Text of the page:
Reasoning about function is one aspect of reasoning qualitatively. Yumi Iwasaki, in her "Expert Opinion" column, comments on qualitative reasoning's role in design. This research area encompasses the representation and use of a variety of design-related concepts, including function, behavior, causality, structure, flows, and shape.

For design researchers who work mainly in the 3D world, such as mechanical engineers and architects, structure is of central concern. Ken Brown discusses how grammars can represent structure and generate new structures.

A design rationale comprises the reasons underlying a particular design decision. Design rationale is very important when attempting to evaluate and change existing designs. Jintae Lee describes the use of rationales as a design decision-making tool.

As design researchers begin to design large systems and use human organizations (such as design teams) as their inspiration, their focus changes from an individual system to multiagent systems, where each agent has expertise for solving a part of a larger design problem. Susan Lander describes the organization of multiagent design systems, and methods used to both coordinate their actions and resolve their conflicts.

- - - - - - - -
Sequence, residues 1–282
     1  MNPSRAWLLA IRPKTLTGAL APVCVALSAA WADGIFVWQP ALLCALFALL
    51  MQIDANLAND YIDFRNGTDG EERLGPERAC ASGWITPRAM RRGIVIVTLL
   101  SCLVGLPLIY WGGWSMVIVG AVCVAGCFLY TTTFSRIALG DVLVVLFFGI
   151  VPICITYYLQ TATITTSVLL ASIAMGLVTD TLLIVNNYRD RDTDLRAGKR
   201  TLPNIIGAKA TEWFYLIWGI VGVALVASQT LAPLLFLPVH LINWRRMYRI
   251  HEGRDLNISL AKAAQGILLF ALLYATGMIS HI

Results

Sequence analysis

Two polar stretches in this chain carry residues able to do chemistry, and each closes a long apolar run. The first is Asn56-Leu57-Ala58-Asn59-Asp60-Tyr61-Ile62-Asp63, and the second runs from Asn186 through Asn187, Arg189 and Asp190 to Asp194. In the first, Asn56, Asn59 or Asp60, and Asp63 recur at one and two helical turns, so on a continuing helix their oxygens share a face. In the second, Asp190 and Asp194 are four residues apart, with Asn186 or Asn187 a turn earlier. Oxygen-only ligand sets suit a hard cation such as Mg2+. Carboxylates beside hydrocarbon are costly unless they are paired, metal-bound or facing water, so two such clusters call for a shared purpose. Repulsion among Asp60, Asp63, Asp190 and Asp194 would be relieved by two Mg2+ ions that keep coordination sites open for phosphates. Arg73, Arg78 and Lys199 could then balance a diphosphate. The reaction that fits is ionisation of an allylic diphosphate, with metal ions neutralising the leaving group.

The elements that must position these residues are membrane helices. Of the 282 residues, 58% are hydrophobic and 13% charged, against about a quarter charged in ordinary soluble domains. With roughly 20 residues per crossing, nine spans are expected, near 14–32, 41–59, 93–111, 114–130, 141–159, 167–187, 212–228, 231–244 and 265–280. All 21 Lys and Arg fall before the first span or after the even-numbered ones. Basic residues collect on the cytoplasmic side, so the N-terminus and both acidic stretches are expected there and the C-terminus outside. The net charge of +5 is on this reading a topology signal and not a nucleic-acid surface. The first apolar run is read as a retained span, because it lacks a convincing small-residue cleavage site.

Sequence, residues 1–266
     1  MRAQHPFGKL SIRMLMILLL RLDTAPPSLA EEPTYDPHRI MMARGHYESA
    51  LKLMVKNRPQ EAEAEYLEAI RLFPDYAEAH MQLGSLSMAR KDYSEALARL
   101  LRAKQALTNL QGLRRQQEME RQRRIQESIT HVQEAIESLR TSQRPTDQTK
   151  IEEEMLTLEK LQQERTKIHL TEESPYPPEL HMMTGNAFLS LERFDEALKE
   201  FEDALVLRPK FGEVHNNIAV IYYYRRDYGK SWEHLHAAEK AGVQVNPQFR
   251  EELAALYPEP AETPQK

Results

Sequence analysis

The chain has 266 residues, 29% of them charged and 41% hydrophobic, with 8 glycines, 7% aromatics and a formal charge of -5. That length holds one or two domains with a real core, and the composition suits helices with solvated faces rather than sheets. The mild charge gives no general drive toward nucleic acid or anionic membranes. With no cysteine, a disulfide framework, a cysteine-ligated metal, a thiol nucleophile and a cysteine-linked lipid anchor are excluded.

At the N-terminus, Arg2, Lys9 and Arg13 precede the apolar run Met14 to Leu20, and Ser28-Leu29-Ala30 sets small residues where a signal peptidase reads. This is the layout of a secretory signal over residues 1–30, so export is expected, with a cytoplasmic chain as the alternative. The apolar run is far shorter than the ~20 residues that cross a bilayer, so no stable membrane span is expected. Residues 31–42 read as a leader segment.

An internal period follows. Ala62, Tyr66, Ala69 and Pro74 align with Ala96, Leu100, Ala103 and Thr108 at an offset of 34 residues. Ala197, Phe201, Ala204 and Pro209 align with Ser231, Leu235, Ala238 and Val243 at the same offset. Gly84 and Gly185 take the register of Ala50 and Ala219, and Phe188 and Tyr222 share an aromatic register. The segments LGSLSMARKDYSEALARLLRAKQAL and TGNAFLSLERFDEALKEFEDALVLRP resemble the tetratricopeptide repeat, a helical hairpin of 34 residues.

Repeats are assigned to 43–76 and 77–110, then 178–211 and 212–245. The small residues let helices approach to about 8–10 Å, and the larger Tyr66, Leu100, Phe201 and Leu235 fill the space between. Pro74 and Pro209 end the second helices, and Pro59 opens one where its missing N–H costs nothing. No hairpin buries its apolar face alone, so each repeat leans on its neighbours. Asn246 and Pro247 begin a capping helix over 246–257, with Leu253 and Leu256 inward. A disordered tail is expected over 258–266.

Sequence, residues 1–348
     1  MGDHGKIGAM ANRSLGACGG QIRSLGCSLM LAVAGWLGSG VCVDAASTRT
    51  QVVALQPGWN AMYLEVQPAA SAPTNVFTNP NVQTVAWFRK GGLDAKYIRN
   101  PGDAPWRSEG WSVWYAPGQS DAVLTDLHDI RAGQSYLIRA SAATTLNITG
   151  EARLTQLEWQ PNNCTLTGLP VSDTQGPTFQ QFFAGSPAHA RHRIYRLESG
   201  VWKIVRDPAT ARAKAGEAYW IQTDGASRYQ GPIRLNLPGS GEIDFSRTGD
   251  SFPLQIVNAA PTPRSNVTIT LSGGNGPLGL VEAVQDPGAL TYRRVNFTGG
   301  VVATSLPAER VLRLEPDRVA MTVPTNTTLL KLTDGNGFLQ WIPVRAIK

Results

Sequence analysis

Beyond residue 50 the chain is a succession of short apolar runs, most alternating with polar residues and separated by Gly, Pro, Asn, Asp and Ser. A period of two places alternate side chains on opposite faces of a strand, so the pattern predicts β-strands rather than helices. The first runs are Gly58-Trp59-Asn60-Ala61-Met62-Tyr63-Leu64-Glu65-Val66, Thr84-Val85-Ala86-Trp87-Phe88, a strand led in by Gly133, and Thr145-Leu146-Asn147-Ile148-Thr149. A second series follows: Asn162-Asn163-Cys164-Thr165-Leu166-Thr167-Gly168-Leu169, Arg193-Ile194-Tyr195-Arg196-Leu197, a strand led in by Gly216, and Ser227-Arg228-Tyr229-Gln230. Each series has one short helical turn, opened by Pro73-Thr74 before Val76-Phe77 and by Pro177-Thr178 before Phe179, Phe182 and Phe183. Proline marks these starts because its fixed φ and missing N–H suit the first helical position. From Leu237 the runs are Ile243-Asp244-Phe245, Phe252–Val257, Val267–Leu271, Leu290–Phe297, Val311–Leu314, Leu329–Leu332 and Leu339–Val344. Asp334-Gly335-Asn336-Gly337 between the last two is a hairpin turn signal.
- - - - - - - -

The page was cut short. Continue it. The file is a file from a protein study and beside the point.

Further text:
Although this special double issue does not include articles specifically about any current applications of AID, it is still of great relevance to anyone interested in the applications of AI. It is of particular interest to anyone who is building applications in this area, anyone wishing to start work in some branch of AI in design, and anyone already working in one of the topic areas. Each article provides references to various research topics, systems, and related literature.